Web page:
Getting IT set for mobile

New Computerworld research suggests that IT shops are moving to address mobility issues -- or that they're at least aware of the need to do so.

"This business will get out of control. It will get out of control, and we'll be lucky to live through it."

That's a quote from the movie The Hunt for Red October, but it's also a paraphrase of my July column, "The Rise of Consumer Tech." I was lamenting the lack of readiness at many IT shops to handle the explosion of consumer devices, apps and mobile platforms. And make no mistake, IT faces several challenges in the management and support of mobile. But I may have overestimated the cause for concern.

New Computerworld research suggests that IT shops are moving to address mobility issues -- or that they're at least aware of the need to do so. Especially telling are these stats from Computerworld's enterprise mobile survey, conducted in September:

  • Nearly 75 per cent of the respondents said their IT organisations are supporting employee-owned mobile devices, including smartphones , tablets, netbooks and notebooks.
  • A surprising 65 per cent said their IT shops are already supporting three or more mobile platforms.

Another finding that shows the wisdom of IT organisations: Some 65 per cent anticipate mobile IT budget increases in the coming year. And the average estimated increase is a fairly significant 19 per cent.

A September 2010 report from Forrester Research sums it up another way: "Most firms have prioritised mobile technology expansion. Mobility is front and center for 62 per cent of CIOs and IT leaders across the globe, with 16% seeing it as a critical priority and 46 per cent seeing it as a high priority."

Most projections show mobile growth continuing well into the new decade. Last month, IDC reported that the third quarter of 2010 marked four successive quarters of growth in handset sales.

But mobile is moving so fast, it's tough to keep tabs on it. In September, IDC said that "heterogeneous device environments are the norm for most enterprises today" and projected that RIM would retain its smartphone market-share lead within businesses in the U.S through 2014. But roughly one month after IDC issued that report, Apple 's iPhone shipments topped RIM's BlackBerry shipments.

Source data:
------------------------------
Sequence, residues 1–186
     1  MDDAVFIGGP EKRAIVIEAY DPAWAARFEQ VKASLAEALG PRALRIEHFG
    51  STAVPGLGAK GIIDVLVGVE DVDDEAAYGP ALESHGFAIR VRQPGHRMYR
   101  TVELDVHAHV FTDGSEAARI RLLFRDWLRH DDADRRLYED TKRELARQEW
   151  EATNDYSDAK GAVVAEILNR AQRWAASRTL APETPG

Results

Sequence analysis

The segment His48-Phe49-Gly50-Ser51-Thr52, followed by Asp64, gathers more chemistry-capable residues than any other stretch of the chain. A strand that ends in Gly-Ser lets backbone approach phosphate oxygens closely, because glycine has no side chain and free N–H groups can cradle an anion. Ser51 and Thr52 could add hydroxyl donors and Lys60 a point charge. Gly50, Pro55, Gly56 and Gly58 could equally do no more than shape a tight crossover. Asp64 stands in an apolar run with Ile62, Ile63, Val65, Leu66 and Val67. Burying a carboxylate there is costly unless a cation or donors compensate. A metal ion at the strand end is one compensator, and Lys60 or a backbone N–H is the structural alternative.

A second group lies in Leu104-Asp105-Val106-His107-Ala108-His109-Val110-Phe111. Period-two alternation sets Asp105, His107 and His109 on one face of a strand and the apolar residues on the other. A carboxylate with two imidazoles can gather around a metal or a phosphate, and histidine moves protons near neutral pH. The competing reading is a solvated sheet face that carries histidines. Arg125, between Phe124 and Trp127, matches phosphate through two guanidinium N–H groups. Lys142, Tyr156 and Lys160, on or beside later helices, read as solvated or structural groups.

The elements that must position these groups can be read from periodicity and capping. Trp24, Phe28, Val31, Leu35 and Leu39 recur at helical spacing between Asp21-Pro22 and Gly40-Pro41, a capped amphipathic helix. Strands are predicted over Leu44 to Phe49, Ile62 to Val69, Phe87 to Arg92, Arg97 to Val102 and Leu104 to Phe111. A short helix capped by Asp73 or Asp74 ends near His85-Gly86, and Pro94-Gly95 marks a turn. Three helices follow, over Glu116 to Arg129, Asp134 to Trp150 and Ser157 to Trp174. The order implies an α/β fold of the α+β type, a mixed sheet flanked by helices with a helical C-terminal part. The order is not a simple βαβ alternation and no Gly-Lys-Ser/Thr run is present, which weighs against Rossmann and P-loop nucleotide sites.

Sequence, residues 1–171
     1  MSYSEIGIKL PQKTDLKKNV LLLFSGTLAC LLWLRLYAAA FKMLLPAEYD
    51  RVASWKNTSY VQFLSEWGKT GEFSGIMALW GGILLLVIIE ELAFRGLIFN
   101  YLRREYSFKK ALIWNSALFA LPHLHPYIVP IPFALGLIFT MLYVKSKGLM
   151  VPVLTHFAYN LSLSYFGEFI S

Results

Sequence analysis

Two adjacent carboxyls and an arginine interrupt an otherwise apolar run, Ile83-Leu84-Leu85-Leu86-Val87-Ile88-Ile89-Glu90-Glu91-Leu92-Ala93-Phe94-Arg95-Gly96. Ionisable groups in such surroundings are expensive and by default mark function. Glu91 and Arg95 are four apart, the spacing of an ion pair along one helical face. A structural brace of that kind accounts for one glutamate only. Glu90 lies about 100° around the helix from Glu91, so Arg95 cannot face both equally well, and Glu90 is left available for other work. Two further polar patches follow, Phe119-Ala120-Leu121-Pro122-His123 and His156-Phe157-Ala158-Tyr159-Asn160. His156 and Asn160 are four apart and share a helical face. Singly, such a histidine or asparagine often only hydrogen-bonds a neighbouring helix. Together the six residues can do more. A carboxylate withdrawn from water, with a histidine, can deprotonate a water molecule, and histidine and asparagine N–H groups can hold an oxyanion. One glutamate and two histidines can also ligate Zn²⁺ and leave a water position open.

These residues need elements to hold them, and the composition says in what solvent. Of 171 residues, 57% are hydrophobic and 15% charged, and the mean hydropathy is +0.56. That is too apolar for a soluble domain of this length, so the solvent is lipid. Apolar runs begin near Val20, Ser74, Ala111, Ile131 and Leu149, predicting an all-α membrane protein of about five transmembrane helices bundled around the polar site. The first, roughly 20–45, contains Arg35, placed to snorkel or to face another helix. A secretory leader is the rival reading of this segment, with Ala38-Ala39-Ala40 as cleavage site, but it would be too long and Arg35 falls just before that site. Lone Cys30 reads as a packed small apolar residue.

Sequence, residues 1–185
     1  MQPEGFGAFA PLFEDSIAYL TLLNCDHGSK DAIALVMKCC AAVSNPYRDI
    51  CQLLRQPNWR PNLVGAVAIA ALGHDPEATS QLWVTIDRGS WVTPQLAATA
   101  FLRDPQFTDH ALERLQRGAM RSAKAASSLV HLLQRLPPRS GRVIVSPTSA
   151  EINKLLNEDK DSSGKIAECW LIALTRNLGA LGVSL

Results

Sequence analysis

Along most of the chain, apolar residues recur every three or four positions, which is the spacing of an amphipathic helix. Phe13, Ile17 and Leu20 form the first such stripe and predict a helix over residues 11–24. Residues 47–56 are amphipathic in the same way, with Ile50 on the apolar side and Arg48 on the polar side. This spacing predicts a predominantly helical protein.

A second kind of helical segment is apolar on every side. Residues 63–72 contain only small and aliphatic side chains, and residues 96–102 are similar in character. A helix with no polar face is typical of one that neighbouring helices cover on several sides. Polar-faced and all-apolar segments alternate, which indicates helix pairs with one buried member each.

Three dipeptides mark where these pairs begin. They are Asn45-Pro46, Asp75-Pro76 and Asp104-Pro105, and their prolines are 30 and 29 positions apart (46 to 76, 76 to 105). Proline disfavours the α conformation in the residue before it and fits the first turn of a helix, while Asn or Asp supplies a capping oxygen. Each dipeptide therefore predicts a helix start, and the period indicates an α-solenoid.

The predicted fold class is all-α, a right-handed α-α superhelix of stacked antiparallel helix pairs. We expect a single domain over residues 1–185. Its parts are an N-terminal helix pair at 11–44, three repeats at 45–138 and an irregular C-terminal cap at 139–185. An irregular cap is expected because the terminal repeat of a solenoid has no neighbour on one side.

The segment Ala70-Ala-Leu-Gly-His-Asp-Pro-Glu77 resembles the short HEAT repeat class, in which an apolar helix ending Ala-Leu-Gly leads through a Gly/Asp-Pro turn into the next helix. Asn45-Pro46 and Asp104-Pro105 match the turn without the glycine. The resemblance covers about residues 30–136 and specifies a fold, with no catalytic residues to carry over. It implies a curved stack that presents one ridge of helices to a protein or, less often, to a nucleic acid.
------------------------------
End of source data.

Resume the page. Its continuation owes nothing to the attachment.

That volatility also points up why the proliferation of platforms makes supporting mobility complex. But by far the biggest challenge is implementing enterprise mobile security and figuring out some sort of solution for manageability.

Perhaps the most significant of Computerworld's findings is that, of the companies it surveyed, 80 per cent of those with more than 1,000 employees are taking measures to govern which devices and services employees can use, and they're trying to control whether and how those devices can access corporate data.

Those are solid first steps, but despite the good news our survey uncovered, I can't shake the sense of foreboding that fueled my July column. Is all of this enough, or are companies merely scratching the surface?

What does real mobile security look like? Does it involve using good protection with BlackBerry Enterprise Server while taking advantage of the enterprise customisability for iPhones in iOS 4 and punting on employee-owned Android devices? You need solutions that can manage and secure all the mobile devices in your environment, regardless of who owns them.

It's clear from a variety of research sources that IT is opening its eyes to mobile challenges. And that's good news. But I'd like to hear about IT pros' experiences. Drop me an e-mail and let me know how your company is faring when it comes to securing and managing mobility technologies.

Scot Finnie is Computerworld's editor in chief. You can contact him at sfinnie@computerworld.com , and follow him on Twitter ( @ScotFinnie ).

Read more about mobile and wireless in Computerworld's Mobile and Wireless Topic Center.

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Scot Finnie

Computerworld (US)
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